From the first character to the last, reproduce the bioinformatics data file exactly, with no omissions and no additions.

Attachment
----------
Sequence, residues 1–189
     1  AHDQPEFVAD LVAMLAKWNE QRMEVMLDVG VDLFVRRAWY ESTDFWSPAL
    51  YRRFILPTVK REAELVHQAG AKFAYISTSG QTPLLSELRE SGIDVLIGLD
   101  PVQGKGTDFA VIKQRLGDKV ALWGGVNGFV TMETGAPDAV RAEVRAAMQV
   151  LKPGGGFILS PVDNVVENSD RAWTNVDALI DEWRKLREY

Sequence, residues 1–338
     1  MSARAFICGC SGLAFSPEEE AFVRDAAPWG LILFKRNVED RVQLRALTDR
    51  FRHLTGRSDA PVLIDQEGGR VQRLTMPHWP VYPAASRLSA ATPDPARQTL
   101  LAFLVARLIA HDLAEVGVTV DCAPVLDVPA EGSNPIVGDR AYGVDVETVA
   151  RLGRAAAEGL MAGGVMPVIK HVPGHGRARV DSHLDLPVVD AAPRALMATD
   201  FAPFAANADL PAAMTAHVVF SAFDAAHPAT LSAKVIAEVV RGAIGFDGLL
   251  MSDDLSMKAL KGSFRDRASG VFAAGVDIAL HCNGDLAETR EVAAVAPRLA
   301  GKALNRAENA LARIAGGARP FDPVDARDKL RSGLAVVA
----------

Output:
Sequence, residues 1–189
     1  AHDQPEFVAD LVAMLAKWNE QRMEVMLDVG VDLFVRRAWY ESTDFWSPAL
    51  YRRFILPTVK REAELVHQAG AKFAYISTSG QTPLLSELRE SGIDVLIGLD
   101  PVQGKGTDFA VIKQRLGDKV ALWGGVNGFV TMETGAPDAV RAEVRAAMQV
   151  LKPGGGFILS PVDNVVENSD RAWTNVDALI DEWRKLREY

Sequence, residues 1–338
     1  MSARAFICGC SGLAFSPEEE AFVRDAAPWG LILFKRNVED RVQLRALTDR
    51  FRHLTGRSDA PVLIDQEGGR VQRLTMPHWP VYPAASRLSA ATPDPARQTL
   101  LAFLVARLIA HDLAEVGVTV DCAPVLDVPA EGSNPIVGDR AYGVDVETVA
   151  RLGRAAAEGL MAGGVMPVIK HVPGHGRARV DSHLDLPVVD AAPRALMATD
   201  FAPFAANADL PAAMTAHVVF SAFDAAHPAT LSAKVIAEVV RGAIGFDGLL
   251  MSDDLSMKAL KGSFRDRASG VFAAGVDIAL HCNGDLAETR EVAAVAPRLA
   301  GKALNRAENA LARIAGGARP FDPVDARDKL RSGLAVVA